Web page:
Autoplay

Show Thumbnails

Show Captions

Nina Bezzant maneuvers around the Kino Aquatic Center pool deck on a scooter to catch up with her Mesa Mountain View teammates.

Born without the lower part of her left leg, Bezzant, a 5-foot-4 freshman who continues to grow, recently has been bothered by a bone spur where a prosthetic normally goes.

In the swimming pool, it’s all good.

No pain. All gain.

“It doesn’t affect swimming, which is nice,” she said.

Bezzart is a few weeks into her first high school swim season. But this isn’t her first time competing. She’s been a part of the Mesa Aquatic Club for five years, getting up early for two-hour workouts, and back at in the afternoon for more work in the pool.

Those are her victories.

Swimming has been an outlet for a girl who was born with a congenital birth defect 15 years ago when she came into the world with her left leg halfway down the shin missing.

“It was a really challenging pregnancy” said Julie, Nina’s mom. “We didn’t know what the issues would be. We knew there would be something. When it was her leg. We thought, ‘This is no big deal. We can do this.’

“There were all sorts of scenarios that she would not survive at all. But it’s never been daunting.”

The worst thing is dealing with the pain that comes with growth spurts and having to have another surgery.

“She is growing into her bone,” Julie said. “That leg, it always wants to outgrow. They have to go in and trim it back.”

Swimming has provided an outlet.

“It’s nice to have a sport that I can do that doesn’t involve running,” Bezzant said.

She hobbles to the platform, climbs on the block and, balancing on one leg, dives into the pool with the rest of her teammates. She cuts through the water with strong upper-body strokes and kicks, keeping pace with the others.

The water is soothing to her leg. The competition, the practice, has helped her confidence.

“She loves to swim,” Julie said. “And it’s a place where it equals things out for her.

“Yes, it’s amazing. There are times I see her swimming and realized, ‘Oh, this is probably really challenging.’ Then, I forget, this adds to the element to her life. She is amazing. I feel like she always had great coaches who always encouraged her and challenged her and celebrated with her.”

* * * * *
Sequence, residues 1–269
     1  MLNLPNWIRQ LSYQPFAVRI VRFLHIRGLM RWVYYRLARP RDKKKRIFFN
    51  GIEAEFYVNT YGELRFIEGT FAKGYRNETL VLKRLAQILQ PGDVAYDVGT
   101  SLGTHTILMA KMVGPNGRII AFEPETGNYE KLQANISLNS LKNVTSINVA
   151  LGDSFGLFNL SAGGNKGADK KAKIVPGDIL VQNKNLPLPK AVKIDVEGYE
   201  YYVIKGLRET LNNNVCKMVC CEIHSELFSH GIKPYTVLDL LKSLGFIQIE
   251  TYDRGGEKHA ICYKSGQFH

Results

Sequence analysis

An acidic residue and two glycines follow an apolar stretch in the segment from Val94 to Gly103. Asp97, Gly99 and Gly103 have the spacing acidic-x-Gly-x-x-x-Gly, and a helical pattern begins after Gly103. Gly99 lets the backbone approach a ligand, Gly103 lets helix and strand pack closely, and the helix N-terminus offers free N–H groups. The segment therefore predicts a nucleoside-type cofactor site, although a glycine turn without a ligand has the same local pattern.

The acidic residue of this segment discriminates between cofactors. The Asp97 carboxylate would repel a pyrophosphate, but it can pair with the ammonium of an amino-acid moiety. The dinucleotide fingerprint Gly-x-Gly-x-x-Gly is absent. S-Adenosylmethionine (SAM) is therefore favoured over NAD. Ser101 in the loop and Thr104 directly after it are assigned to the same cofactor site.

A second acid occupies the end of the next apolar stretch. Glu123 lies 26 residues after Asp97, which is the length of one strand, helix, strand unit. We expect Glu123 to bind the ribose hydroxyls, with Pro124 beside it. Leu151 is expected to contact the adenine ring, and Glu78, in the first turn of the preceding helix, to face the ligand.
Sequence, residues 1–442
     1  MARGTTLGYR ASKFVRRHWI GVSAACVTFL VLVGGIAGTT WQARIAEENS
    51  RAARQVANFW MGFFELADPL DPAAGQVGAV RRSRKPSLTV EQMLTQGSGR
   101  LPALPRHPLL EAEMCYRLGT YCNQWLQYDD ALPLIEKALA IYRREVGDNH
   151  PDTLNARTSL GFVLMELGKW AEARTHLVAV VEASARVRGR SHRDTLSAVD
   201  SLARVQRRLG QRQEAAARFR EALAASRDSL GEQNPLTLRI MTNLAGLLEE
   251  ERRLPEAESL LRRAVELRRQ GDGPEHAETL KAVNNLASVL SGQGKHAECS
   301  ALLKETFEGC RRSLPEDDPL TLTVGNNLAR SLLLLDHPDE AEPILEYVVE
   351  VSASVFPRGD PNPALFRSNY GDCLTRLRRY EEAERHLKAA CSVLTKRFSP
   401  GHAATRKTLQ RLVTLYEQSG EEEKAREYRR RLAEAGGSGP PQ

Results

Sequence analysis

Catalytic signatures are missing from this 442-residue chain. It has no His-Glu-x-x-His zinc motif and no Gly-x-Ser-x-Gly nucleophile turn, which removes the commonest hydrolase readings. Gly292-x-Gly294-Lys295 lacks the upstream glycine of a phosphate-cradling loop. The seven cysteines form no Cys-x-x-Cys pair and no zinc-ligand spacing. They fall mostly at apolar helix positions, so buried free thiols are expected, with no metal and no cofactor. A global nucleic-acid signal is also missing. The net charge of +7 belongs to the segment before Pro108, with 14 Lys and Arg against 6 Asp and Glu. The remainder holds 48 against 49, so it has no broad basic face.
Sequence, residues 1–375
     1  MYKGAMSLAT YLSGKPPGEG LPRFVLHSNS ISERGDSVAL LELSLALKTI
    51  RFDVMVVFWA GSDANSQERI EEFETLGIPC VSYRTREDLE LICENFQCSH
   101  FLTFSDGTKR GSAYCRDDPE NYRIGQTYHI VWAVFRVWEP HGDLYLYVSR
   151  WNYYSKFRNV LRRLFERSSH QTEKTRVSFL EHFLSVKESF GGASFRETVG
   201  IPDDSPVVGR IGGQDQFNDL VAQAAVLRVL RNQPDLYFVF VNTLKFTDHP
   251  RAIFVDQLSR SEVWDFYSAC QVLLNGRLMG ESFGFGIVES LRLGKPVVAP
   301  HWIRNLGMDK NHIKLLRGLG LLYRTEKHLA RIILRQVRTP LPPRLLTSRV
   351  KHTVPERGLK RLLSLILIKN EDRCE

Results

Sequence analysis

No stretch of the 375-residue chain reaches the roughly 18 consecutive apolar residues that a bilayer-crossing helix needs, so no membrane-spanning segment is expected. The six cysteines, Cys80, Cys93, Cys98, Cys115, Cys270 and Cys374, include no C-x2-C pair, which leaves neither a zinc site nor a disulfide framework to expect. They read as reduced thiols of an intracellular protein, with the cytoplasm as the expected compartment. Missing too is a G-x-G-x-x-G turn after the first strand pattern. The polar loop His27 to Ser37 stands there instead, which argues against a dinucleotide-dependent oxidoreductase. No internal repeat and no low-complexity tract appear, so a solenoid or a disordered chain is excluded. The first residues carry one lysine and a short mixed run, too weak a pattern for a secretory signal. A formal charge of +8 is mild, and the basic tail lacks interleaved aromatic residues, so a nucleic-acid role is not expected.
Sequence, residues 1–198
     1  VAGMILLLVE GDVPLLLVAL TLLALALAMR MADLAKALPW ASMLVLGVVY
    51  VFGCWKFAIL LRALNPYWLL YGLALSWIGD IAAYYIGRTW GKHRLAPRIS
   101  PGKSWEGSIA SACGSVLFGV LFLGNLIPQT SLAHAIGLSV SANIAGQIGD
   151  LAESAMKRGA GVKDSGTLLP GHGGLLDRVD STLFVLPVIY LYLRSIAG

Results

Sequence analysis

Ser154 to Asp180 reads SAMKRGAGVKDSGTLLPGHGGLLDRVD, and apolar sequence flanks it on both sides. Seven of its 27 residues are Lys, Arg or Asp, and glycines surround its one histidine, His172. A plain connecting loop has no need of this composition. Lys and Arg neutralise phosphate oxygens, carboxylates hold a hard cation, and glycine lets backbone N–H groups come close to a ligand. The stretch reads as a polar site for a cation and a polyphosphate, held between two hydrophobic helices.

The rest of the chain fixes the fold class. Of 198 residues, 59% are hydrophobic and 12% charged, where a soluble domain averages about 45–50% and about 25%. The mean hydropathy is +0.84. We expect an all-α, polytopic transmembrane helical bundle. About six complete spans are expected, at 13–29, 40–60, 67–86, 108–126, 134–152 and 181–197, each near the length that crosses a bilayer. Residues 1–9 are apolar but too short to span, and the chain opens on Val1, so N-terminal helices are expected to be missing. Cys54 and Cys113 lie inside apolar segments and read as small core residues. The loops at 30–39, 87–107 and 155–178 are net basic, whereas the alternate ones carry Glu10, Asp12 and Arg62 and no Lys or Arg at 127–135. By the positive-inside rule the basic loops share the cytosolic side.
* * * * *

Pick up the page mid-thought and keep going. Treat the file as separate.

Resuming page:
Longtime Mountain View girls swimming coach Glen Coy said he treats her no differently than the other swimmers.

“Anything we do, she does,” he said. “Even when we do kick sets, she does kick sets.

“It’s pretty cool what she does. Gets here, gets in, does all the strokes. She does the whole workout. She never asks for anything. She works hard.”

Fellow freshman swimmer Anna Thompson, a distance freestyler, is inspired by Bezzant, one of her best friends.

“I was pretty impressed when she decided to do high school (swim),” Thompson said. “I thought that was pretty brave. We don’t treat her any differently.”

Bezzant was fitted with her first prosthetic when she was 13 months. She has never felt sorry for herself. This is how she was born. She only has known how to adapt to everything around her without complaints.

“We try not to let it ever be an excuse for anything,” Julie said. “She does chores around the house, anything. She certainly can and does do whatever she wants.

“Fortunately, she was born with everything she needs inside for her to deal with it. She has the right disposition. She likes having the little stump.”

To suggest human-interest story ideas and other news, reach Obert at richard.obert@arizonarepublic.com or 602-316-8827. Follow him at twitter.com/azc_obert.

MORE STORIES FROM RICHARD OBERT